In the present invention, therefore, an under-erase detection routine is executed prior to any erase, as depicted generally in FIG. 4A. After the over-erase detection and over-erase correction routines are completed as noted above, the under-erase detection routine begins at step 1000, where it first verifies whether the routine has previously completed; if so, it exits at 5000. Otherwise, step 1100 sets up appropriate address counters to check every bit in the array. At 1150 an erase counter is cleared; the erase counter is analogous to the PGM counter in the over-erase correction routine in that it can be used to control the degree of effort made by the present invention to correct a stubborn bit. At step 1200 the flash memory array is checked to see if any under erased bits exist. If any bits in the memory array are under erased, the data for such byte would not be read as `FF` in step 1300. In the event under-erased bits are detected (and only when this is the case) an under-erase correction routine is executed as shown in FIG. 4B and discussed further below. Otherwise, the present routine checks for the end of the column addresses at step 1400, and then proceeds as necessary to the next column address in step 1500 to detect for any other under erased bits again in step 1200. After all column addresses on one row have been completely checked, detection for under-erased bits continues on the next row in step 2000 and step 2100 beginning with column 00 at step 2200. The process of detecting under-erased bits continues until all bytes in the flash memory array pass the verification as in step 2300, or alternatively, if certain stubborn bits cannot be corrected, the erase counter reaches its maximum value at step 1330 and the routine notifies the controller at step 4100 of this fact. Again, in some instances it is possible to correct such stubborn bits, but such discussion is not germane to the present invention. The under-erase detection routine then returns control back to step 110 (FIG. 3A) where detection begins again for over-erased bits which may have been caused by an under-erase correction procedure as described in FIG. 4B. In FIG. 4B this routine proceeds as follows: an erase timer is set at step 3000 and an erase pulse is applied to the flash memory array at step 3100. After the erase pulse has been applied at step 3100, a unique convergence procedure is initiated at step 3200 for tightening (narrowing) threshold voltage (Vt) distributions of the erased cells. A timing diagram in FIG. 6 shows that the erase pulse is applied globally to the array during a first erase cycle. After this, a second convergence cycle occurs as shown there, with voltages and timing as noted. The convergence cycle is controllable by a number of parameters. First, as noted at step 3200, a convergence counter, which can be set by the controller, is reset prior to Vt adjustments. A convergence timer 3300 determines the length of the convergence cycle shown in FIG. 6, and, again, is programmable and manipulable by a control circuit. At step 3400 the signal voltages shown in the convergence cycle in FIG. 6 are applied in the manner shown to input terminals VP and VN. The amplitude, frequency and duration of this voltage will vary from array to array, and should be determined by individual characteristics of such arrays so that the threshold voltage distributions are narrowed as much as possible to converge on a target threshold. In general, the goal of the convergence procedure is to set the threshold voltages to a value Vtcp, where again, in a preferred embodiment, Vtcp =Vtemin. Unlike the soft program pulse described above, however, the convergence cycle applies the convergence signals (both soft erase and soft program) to all cells in the array, and not on a cell by cell basis.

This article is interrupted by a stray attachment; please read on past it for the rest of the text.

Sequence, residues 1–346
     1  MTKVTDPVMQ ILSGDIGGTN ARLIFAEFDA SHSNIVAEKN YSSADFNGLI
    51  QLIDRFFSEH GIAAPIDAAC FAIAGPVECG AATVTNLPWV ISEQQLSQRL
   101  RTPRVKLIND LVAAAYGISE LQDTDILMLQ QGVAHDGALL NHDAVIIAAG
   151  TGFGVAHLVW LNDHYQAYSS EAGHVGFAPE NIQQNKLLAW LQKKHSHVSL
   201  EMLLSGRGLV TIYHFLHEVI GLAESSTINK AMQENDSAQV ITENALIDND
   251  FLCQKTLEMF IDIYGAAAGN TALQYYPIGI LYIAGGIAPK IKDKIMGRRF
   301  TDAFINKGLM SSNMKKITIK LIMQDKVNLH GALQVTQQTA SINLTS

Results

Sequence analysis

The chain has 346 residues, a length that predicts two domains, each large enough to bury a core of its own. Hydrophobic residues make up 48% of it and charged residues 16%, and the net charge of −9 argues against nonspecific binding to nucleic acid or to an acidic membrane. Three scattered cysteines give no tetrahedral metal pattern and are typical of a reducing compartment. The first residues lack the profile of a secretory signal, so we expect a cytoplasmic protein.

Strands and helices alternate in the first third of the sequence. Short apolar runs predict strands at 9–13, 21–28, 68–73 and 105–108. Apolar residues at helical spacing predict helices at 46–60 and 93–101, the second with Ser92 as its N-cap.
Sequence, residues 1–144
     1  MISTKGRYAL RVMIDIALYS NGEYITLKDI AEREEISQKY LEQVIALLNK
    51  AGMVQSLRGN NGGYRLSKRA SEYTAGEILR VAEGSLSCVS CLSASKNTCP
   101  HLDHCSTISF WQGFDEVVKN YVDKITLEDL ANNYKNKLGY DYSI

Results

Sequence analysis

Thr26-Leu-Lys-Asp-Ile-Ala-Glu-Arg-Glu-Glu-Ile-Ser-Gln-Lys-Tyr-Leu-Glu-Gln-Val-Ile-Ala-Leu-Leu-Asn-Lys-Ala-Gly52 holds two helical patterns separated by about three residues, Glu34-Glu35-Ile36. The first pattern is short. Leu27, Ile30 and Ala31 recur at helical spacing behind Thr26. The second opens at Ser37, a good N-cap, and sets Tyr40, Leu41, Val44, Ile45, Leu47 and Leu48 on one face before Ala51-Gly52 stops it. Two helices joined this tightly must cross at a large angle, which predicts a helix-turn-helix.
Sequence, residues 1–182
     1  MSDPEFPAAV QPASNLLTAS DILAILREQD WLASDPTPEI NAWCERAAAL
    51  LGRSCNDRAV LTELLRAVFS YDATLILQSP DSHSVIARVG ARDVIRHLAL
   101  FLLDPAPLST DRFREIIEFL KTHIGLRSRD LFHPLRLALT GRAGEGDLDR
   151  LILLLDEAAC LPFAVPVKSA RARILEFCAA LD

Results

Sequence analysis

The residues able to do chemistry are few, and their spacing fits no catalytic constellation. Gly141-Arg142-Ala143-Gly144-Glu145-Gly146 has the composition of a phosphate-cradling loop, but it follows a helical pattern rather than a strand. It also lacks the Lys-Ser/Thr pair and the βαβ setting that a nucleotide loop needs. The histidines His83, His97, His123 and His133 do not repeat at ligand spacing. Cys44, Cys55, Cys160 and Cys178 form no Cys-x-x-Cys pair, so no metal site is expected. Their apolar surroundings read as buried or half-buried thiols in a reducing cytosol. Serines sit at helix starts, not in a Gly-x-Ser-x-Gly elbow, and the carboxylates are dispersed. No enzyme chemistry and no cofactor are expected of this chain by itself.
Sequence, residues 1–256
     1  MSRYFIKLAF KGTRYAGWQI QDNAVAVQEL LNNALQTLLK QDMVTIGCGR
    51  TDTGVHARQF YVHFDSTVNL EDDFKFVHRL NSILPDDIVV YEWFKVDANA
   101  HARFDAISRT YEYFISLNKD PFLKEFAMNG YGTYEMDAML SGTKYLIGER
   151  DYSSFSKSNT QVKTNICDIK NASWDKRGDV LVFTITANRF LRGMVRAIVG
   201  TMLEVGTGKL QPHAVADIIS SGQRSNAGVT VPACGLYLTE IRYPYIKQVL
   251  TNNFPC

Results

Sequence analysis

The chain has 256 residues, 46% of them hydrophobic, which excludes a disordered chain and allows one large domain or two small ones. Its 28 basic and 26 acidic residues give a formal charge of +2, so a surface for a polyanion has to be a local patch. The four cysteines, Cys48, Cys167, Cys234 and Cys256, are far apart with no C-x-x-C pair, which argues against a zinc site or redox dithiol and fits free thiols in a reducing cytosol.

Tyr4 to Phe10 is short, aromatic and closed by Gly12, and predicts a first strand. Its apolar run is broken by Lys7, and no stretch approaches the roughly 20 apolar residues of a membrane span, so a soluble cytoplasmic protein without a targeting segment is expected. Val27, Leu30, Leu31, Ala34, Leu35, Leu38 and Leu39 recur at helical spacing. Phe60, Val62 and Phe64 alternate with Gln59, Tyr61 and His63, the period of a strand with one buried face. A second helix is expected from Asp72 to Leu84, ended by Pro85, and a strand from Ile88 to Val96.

Verification of potential over-erasure after each such soft convergence erase pulse is implemented in step 3500. If the bits are not over-erased, the data read in step 3600 should be `00` and verification of these same bits for under-erase would then take place beginning with step 1200 in FIG. 4A. If the data of the bits is not `00`, further compression or tightening of the erased Vt distribution is effectuated as shown in step 3700, step 3800 and then back again to step 3400. This procedure continues until no more over-erased bits are detected through the method of globally tightening the erased Vt distribution, or until the routine drops out at 4000 because the bits in question are too leaky, and therefore cannot be easily corrected.